The opinion of the court was delivered by: EDELSTEIN
Edelstein, District Judge :
In April 1990, plaintiff Carlos Cespedes ("Cespedes" or "plaintiff"), an inmate at the Ossining Correctional Facility ("Sing Sing"), in Ossining, New York, brought this action against the above-named defendants, alleging that, while incarcerated at Sing Sing, he was placed into segregated housing without due process in violation of Title 42, United States Code, Section 1983 ("Section 1983"), as well as several unspecified state law claims. Presently before this Court are plaintiff's objections to the recommendations of Magistrate Judge Sharon E. Grubin ("Magistrate Judge Grubin") regarding several pretrial motions. (Report and Recommendations to the Honorable David N. Edelstein, Cespedes v. Coughlin, 90 Civ. 2667 (the "Report") (July 21, 1995). Defendants did not respond to plaintiff's objections.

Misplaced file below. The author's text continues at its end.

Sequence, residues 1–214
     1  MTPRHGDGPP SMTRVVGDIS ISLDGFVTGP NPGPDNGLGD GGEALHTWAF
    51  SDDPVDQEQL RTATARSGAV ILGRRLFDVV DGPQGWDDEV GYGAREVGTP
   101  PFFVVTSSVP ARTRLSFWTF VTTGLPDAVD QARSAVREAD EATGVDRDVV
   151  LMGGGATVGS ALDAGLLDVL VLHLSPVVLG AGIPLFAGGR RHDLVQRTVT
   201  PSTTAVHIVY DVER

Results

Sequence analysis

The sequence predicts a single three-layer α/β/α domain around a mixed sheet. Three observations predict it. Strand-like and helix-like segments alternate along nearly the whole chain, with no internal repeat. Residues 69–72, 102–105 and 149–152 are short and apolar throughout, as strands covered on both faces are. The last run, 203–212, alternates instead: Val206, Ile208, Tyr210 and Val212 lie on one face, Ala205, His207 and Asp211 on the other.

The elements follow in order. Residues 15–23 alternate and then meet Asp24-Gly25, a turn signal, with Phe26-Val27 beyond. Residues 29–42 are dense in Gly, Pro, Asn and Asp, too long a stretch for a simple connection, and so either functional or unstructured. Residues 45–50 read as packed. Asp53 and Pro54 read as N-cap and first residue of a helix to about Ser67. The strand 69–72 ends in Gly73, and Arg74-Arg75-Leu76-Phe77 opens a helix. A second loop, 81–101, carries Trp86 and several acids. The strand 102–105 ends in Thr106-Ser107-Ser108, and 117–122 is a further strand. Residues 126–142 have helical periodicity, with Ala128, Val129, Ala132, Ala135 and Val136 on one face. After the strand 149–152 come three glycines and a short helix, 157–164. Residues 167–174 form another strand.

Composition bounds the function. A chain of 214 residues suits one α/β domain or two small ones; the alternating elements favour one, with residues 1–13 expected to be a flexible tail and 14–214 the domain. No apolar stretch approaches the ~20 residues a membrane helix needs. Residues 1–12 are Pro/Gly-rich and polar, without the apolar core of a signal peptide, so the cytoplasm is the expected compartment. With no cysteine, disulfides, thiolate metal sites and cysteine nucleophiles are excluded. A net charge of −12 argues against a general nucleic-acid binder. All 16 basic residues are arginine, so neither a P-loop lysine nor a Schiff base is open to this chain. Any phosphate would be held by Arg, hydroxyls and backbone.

This Court will first review the events giving rise to this litigation, then describe the findings and recommendations contained in Magistrate Judge Grubin's Report.
The events giving rise to the instant litigation occurred on February 18, 1989, in Sing Sing housing block A ("block A") (Memorandum of Law in Support of Plaintiff's Motion to Amend the Complaint and for Partial Summary Judgment and in Opposition to Defendants' Motion for Partial Summary Judgment, Cespedes v. Coughlin, 90 Civ. 2667 ("Pltf. Memo") at 3 (Oct. 27, 1992).) At that time, Cespedes was incarcerated in block A. (Memorandum of Law in Opposition to Plaintiff's Motion for a Preliminary Injunction, Cespedes v. Coughlin, 90 Civ. 2667 ("Dfts. PI Opp. Memo") at 3 (Oct. 11, 1990).)